Australia’s scrapping of submarine contract with France broke trust: Macron


1st phone call since AUKUS deal held after Australian premier wrote letter to French president

PARIS (AA) – In a first phone call since the controversial submarine crisis triggered a major diplomatic row, the French president told the Australian premier that their decision to cancel the strategic contract broke the trust between the two countries.

The submarine issue dominated the discussion between Emmanuel Macron and Scott Morrison on Thursday ahead of the G20 summit in Rome and COP26 in Glasgow, where the two leaders are likely to meet in person.

According to Australian ABC News, Morrison had attempted a phone call with Macron last month but the French president did not respond positively. The two leaders were able to talk after Morrison wrote him a letter earlier this month, the report added quoting the Australian prime minister’s office.

“Australia’s unilateral decision to scale back the French-Australian strategic partnership by putting an end to the ocean-class submarine program in favor of another as-yet-unspecified project broke the relationship of trust between our two countries,” a statement from the Elysee Palace read. It added that France will pay “utmost attention” to the commercial interests of French and Australian businesses affected by this decision.

Throwing the ball in Canberra’s court, Macron also told Morrison that it was up to the Australian government to “redefine the bilateral relationship and continue joint action in the Indo-Pacific.”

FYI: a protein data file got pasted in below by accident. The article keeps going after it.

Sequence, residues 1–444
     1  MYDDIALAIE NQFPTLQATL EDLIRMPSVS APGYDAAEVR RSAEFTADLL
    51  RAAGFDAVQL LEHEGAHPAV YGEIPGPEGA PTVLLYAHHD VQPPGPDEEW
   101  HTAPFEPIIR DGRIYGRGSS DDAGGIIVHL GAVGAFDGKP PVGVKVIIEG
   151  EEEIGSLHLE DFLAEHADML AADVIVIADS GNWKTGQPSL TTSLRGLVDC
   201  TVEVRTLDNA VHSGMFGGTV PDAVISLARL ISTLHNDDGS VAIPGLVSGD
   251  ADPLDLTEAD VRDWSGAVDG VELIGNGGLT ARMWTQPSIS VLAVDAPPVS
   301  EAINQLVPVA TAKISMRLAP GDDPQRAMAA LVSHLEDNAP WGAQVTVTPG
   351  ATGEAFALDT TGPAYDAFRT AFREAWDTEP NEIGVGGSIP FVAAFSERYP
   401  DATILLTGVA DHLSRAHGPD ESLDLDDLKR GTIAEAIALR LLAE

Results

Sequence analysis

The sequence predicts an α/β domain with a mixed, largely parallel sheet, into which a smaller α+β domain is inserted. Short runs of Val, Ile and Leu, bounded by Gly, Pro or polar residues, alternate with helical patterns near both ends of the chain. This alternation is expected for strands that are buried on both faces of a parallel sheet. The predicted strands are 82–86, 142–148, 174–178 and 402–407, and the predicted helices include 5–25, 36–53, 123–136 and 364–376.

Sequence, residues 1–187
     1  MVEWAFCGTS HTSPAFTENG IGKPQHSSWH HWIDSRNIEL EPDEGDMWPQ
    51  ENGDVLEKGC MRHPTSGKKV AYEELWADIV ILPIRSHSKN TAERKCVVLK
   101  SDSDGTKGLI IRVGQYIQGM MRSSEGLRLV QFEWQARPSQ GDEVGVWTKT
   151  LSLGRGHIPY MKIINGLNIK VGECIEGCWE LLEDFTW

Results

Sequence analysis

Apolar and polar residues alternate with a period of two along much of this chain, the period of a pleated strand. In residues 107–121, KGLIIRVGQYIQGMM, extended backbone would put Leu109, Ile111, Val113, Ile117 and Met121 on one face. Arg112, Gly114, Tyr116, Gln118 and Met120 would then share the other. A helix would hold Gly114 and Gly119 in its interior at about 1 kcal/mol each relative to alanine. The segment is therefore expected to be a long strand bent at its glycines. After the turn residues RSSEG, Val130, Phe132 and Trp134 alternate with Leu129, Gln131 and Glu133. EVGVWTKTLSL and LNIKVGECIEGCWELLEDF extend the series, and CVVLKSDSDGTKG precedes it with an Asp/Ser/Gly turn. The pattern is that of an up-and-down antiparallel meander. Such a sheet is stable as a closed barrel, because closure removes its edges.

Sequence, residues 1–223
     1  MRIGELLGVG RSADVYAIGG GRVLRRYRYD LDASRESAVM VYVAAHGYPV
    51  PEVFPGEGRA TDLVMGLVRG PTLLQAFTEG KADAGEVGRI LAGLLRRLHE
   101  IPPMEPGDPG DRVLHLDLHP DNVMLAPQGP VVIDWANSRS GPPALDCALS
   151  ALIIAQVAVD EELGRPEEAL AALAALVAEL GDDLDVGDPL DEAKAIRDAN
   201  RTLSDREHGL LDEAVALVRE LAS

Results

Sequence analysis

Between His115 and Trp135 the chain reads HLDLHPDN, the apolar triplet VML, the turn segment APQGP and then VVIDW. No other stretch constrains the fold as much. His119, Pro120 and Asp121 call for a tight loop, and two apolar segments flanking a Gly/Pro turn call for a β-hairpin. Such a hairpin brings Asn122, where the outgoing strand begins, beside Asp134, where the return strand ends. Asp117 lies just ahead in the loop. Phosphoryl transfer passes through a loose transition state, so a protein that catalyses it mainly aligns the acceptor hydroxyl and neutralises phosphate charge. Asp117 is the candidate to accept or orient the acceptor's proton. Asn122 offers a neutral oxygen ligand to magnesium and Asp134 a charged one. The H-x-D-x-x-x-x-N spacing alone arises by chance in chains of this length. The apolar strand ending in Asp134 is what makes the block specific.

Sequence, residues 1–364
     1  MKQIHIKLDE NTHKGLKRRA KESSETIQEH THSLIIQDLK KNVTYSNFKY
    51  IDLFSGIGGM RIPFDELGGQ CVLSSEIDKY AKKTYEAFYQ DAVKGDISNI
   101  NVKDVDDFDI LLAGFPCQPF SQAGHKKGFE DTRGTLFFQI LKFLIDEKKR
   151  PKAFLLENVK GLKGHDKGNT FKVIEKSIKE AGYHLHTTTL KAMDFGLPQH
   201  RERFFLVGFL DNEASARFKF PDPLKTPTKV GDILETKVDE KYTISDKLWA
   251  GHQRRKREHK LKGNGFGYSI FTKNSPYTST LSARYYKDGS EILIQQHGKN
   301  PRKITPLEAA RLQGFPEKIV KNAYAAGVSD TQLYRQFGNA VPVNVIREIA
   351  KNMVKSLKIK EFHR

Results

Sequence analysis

During a press conference on Thursday in Canberra, Morrison said he is conscious about the “disappointment” caused to France over the submarine contract and will make use of the opportunities to resolve it during his visit to Europe for the G20 and COP26 summit. “There is some deep disappointment on those contractual issues on a bipartisan basis, but we’ll work through those and I’m very confident about that.”

In a surprise move, Australia canceled an estimated 90 contracts with France for 12 conventionally-powered submarines and placed the same with the United States, causing a massive outrage in Paris.

The AUKUS deal inked by Australia, the UK, and the US in September to defend the Indo Pacific zone from China’s influence had shocked France.

Foreign Minister Jean Le Drian called France’s exclusion from the new defense alliance “betrayal” and “stab in the back” by the western allies. Consequently, Paris recalled its envoys from the US and Australia and agreed to restore diplomatic relations after being pacified by President Joe Biden.


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